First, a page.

I have been drinking more coffee — cold brew and instant — especially in the mornings. We discovered the joy of barista-style oat milk (shaking the carton plenty before pouring) and it has ruined all other types of oat milk for us! It's apparently made from liquid oats (I looked it up but still don't know what it means) which keeps the milk from separating when the coffee is left still.

Deploying code has been scarier while remote. At the office there is always someone around to help with problems even though the way of grabbing them is the same (we message on Slack if someone's headphones are in). However, the only problem I've run into is GitHub being down, which can affect our CI/CD systems. I'm lucky that Madeline works at the same company as me. She's in a different team but we have been sneaking in some pairing sessions and helping each other out. I've learned more about the area that her team works in. Our teams sit a few meters away at the office but our processes are surprisingly different. It's been fun to learn what works for them and then to take it back to my team. Madeline and I have been speeding up each other's features by calling out questions across the kitchen table when we're stuck.

A junior co-worker told me that they are googling more and getting less stuck because they aren't embarrassed by the idea of other people looking at their screen. I told them that I sometimes barely understand what is happening on my screen let alone anyone else's screen in the vicinity. They also told me they are learning quicker because they are seeking out help less.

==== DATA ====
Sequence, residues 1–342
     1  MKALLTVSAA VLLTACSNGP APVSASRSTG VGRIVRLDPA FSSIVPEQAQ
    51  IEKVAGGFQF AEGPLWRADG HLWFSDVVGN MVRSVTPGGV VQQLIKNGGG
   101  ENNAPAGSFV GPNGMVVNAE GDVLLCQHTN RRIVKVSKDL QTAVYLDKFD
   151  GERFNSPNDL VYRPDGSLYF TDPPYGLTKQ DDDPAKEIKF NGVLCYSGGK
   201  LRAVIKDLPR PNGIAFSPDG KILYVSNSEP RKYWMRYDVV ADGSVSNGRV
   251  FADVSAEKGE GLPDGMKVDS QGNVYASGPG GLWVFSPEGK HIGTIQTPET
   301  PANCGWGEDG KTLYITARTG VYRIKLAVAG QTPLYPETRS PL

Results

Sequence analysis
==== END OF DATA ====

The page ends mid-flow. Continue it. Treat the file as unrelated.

My work tickets lately have been all over the stack, touching a little bit of everything. It's been fun and keeps things fresh. I hope soon to be able to deep dive into a technology like I did a few months ago when we shipped a Vue.js prototype.

We have a moodboard at the office — a big whiteboard off in one corner with a grid of days and people's names. We draw pictures, or write words, to describe our days so we can look back in retrospective meetings#Sprint_retrospective) (once per two-week sprint). Before, when it was rarer to be remote, we sometimes had people describe their moodboard drawings for someone else to quickly sketch up which I enjoyed doing even when my doodles came out goofy. Now, we have moved to a fully remote moodboard with Miro. Which means we can use GIFs! On Miro, you can also see ghost-like cursors, belonging to faraway engineers, move around the shared board.

Our plant growing has extended to things that are consumable. With garlic, onion and spring onion, as well as pak choy, we hope to grow enough to make one meal within lockdown! It is meditative to care for them. I have lost count of the things that are growing in this apartment. And I'm thankful that Madeline is the main waterer.

Potted cloves of garlic

The bi-monthly hackday was held remotely and Madeline and I spun up a QUAKE III: Team Arena server from scratch and deployed it so that we can use it for the #gaming Slack channel at work. We used to have the server hosted on someone's laptop. Our humorous presentation was about client/server latency and why the person hosting the game had an unfair advantage. We also started building a Vue.js app to help us keep track of goods around the house that we buy on different schedules e.g. kitchen roll, and black bin bags but ran out of time to fully flesh it out.

I've been reading more in the evenings. I bought The Electric State by Simon Stålenhag after admiring his art on Twitter. I've been reading articles from Lobsters, Hacker News, as well as The New Yorker — I really liked The Friendship That Made Google Huge.

Hope y'all are staying safe 👋